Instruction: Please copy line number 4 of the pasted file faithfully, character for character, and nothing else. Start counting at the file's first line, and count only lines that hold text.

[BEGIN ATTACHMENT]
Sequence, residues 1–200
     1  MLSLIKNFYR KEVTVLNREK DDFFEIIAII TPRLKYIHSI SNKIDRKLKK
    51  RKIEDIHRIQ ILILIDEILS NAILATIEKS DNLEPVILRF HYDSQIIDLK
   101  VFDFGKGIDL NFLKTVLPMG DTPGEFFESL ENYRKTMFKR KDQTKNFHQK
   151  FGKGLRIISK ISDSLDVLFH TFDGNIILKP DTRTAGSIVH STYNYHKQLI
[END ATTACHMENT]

   101  VFDFGKGIDL NFLKTVLPMG DTPGEFFESL ENYRKTMFKR KDQTKNFHQK